How to Read a Credit Report | The importance of Fully Understanding Your Credit Reports

You can get your credit report for free

Before you learn how to read a credit report, you will need to obtain a copy of it.

Under the Fair Credit Reporting Act (FCRA), everyone is entitled to one free credit report each year. Before you request your free credit report and contact a credit repair service, we’ll teach you all you need to know about understanding credit reports.

First, you will need to get your credit report from each of the three major credit bureaus (Equifax, Experian, and TransUnion). It’s important to request all three credit reports, since there may be inaccuracies on one report that may not appear on the others. That’s why you may have an Experian score of 605 and a TransUnion score of 660. Having even one low credit score will drastically affect your ability to get approved for loans and credit, as well as your interest rates.

The pertinent information about you: make sure its correct

Basic information on your reports includes your name, social security number, phone numbers, date of birth, current and previous addresses, and your current employer. If you are married, have been married in the past, or have undergone a legal name change; the report will list all the other names you’ve been known by.

Each credit report will list your bill-paying practices, whether or not you pay those bills on time, what types of accounts you have, how many accounts you have, and your levels of debt. The reports will also list public record information like bankruptcies, criminal charges, and past due payments.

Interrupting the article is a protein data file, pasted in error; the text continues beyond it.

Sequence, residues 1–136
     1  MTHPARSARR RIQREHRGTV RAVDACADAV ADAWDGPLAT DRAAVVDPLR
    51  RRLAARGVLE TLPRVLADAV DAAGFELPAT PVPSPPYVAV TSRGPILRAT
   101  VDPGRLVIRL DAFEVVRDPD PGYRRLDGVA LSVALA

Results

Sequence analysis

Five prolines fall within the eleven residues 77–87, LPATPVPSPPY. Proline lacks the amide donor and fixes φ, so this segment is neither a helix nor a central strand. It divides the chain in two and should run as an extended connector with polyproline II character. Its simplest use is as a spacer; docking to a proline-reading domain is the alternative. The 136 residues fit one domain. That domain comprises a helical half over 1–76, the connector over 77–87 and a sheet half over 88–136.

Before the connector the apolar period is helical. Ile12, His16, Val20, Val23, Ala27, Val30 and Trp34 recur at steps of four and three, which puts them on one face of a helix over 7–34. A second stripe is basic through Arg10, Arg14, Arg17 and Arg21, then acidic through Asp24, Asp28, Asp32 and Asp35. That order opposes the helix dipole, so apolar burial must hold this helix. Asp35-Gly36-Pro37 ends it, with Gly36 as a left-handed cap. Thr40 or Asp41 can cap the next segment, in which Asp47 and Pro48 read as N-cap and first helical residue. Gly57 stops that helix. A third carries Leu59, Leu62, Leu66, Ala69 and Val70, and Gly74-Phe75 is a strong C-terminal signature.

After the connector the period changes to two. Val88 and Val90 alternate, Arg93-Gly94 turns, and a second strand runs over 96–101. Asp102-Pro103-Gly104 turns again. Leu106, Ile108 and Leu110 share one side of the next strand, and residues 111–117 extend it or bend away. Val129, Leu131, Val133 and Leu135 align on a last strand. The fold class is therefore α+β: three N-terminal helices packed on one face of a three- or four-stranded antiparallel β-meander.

Credit inquiries

Your report also includes who’s looked at your credit file (a.k.a. credit inquiries). All inquiries are labeled as “hard” or “soft.” Hard inquiries are made by prospective lenders when you apply for loans or lines of credit.

A large number of hard inquiries within a short period of time will affect your credit score. Soft inquiries are made by you when you check your credit scores and by credit card companies prior to sending you pre-approved offers in the mail. A soft inquiry will have no effect on your credit score.

Because there are three different credit bureaus, they all use different layouts when displaying information. Some are straightforward and easier to look at than others. Some have codes that you will have to learn.

Here are the main things that will be displayed on your credit reports

As mentioned above your pertinent information is usually on the cover page. And they usually have a credit summary in the very beginning as well.

Usually the first page or first few pages will have your adverse, negative items displayed about you. Will show you the creditor, the original balance, your credit limit, what is past due, the responsibility of the account, meaning whose name the account is in, the date opened and date closed, and the status of why it is negative.

The most common negative statuses are

  • Collection account

  • ¬†60 days past due (or how many days you are past due)

  • ¬†Discharged through chapter 13 bankruptcy (or 7, 11, 12 bankruptcy)

  • Charged-off

Make sure when reading the negative accounts, you look for the following “Estimated date that this item will be removed:” This is to tell you when the negative account will fall off naturally. This is obviously good information to know.

The next few pages of your credit report will say satisfactory accounts or accounts in good standing

The most common positive statuses for accounts that are in good standing are

  • Pays as agreed

  • Pays on time

  • Account in good standing

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